Cameron’s EU speech: a fraud and a gamble

26th January, 2013 2:33 pm

David Cameron’s EU speech on January 23rd signalled a reversal of his position on a referendum: formerly, he had promised a referendum just to approve or reject the changes he hopes to make in Britain’s relationship with the EU. Now he promises the in-or-out referendum demanded by his Europhobic wing, and UKIP. At a stroke this brings the head-banging Europhobes into the British political mainstream. Clearly he aims to outflank UKIP, to appease his back-bench Europhobes and the Europhobic media, and to create an illusion of party unity. He also hopes to depict Labour as afraid to let the people decide on Britain’s future in the EU, making the 2015 election a choice between an EU referendum and no referendum.  Britain’s national interests don’t come into it.

The speech is a fraud. Its logical implications contradict the reality. In his peroration, Cameron powerfully set out the case for Britain remaining in the EU.  Cameron knows that to leave the EU would catastrophically damage British interests, whatever changes he manages to make in our terms of membership. He plans to emulate Harold Wilson’s tactics in 1975 when Wilson went through the motions of “renegotiating” the terms of Britain’s membership of the EEC.  A referendum on the renegotiation then approved Britain’s continued membership by 2 to 1.  But in 1975 Wilson could reasonably accurately predict the referendum result that he wanted; Cameron cannot possibly know now how a referendum in five years’ time would go. Everything would depend on how the EU evolves between now and then. Radical change is certain, not because of British sabre-rattling but because of the measures necessary to save the Euro, and the consequent need for a new relationship between those in the Eurozone and those outside it. There will be ample opportunities during the negotiation of these changes to propose reforms of any unsatisfactory aspects of the EU.  It’s unnecessary for Cameron to make a drama of this prospect, which will arise without any need for British threats. If there’s any proposal to transfer powers from Britain to the EU, Britain will anyway have to hold a referendum on them under a UK law of 2011 accepted by all three main political parties.

The fraud is the pretence that Cameron favours Britain’s exit from the EU unless he secures various ill-defined concessions and that if he has not secured them by 2018, he will campaign for Britain to leave the EU – the clear implication of his EU speech, which he refuses to acknowledge. The gamble is the promise of an in-or-out referendum in five years’ time, whose result is completely unpredictable now and could well be disastrous for Britain. Any gain for Britain from the concessions that Cameron seeks cannot possibly be sufficiently significant to determine whether or not Britain stays in the EU.  (The gamble also recklessly disregards its likely effects on the Scottish independence referendum next year, making a vote for Scottish secession more likely.)

Labour now has a potentially difficult task: to make the case against the repatriation of the powers which Cameron and the Europhobes want to retrieve from Europe, by demonstrating that subjects such as the environment and crime prevention are best handled at the European level, not by Britain opting out of EU collective action (changes in the European arrest warrant procedures may be desirable, but not its abolition or a UK opt-out), and that there is no justification for Cameron’s demand for an opt-out from the working hours directive and other EU regulations that protect the basic rights of employees throughout Europe: e.g. the regulations that prevent employers sacking their workers without explanation. This Tory ambition is exploitative and reactionary. Labour should support those in Europe who will resist any such opt-out for Britain on grounds of giving one member state an unfair competitive advantage over the rest, as well as on general grounds of workers’ basic rights.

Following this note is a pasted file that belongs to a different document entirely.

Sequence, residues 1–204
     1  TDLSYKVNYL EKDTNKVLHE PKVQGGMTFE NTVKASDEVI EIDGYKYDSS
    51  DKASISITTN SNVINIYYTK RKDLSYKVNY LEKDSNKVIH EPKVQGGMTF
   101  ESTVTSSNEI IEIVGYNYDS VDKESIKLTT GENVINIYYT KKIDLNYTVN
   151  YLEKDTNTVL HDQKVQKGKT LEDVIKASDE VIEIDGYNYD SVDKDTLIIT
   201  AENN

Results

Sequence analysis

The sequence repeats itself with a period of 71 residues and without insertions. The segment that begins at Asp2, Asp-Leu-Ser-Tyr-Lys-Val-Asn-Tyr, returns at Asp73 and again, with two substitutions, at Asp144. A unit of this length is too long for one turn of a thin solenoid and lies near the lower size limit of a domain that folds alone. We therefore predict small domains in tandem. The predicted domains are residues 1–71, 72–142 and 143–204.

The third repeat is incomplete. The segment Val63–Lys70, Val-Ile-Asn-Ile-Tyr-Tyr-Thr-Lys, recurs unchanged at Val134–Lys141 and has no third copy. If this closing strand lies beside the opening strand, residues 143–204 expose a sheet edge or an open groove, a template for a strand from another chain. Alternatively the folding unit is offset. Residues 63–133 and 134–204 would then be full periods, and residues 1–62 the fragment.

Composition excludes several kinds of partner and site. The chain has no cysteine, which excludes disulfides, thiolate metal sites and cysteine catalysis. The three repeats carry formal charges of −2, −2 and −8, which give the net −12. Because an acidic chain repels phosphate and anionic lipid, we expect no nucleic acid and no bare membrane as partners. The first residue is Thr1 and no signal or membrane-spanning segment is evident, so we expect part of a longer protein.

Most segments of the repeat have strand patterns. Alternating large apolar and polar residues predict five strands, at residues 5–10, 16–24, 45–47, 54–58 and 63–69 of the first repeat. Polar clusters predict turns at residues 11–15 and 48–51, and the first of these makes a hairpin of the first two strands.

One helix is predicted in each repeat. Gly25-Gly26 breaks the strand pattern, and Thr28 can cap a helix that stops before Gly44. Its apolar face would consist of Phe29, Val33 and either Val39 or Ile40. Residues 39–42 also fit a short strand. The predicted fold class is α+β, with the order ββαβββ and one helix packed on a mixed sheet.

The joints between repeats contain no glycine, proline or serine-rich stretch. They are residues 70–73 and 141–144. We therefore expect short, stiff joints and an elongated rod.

Labour now needs to sustain its opposition to an in-or-out referendum five years hence or at any other time. To predict that in five years’ time changes will have occurred in the EU so significant as to require a referendum is absurd. The decision on a referendum can only sensibly be taken in the light of circumstances at the time. Meanwhile, the legal requirement for a referendum whenever it’s proposed to transfer further powers from Britain to Europe is more than enough to allay Europhobic terrors. Labour can perfectly well stick on this position, while exposing Cameron’s reckless promise as motivated purely by party political considerations and not by any regard for the national interest.

It’s widely forgotten that in December 2011 Mr Cameron returned from a Brussels summit boasting that he had bravely defended British interests by vetoing an EU treaty, not because he objected to it but because his EU partners had refused to satisfy his conditions for not vetoing it. Actually he had not vetoed a treaty at all: no treaty existed. He had merely tried to prevent our EU partners from using EU resources to negotiate a treaty to impose greater discipline on the Eurozone. The sole result of this attempted blackmail was virtually to exclude Britain from any say in the negotiations on the new treaty. (The shameful tale is more fully told in a blog post here.)  If that episode accurately reflects Mr Cameron’s negotiating skills and his willingness subsequently to misrepresent what he has done, Labour should have no great difficulty in exposing the fraud, recklessness and ineptitude of the new Tory strategy for Europe, and the reactionary character of its real aims.

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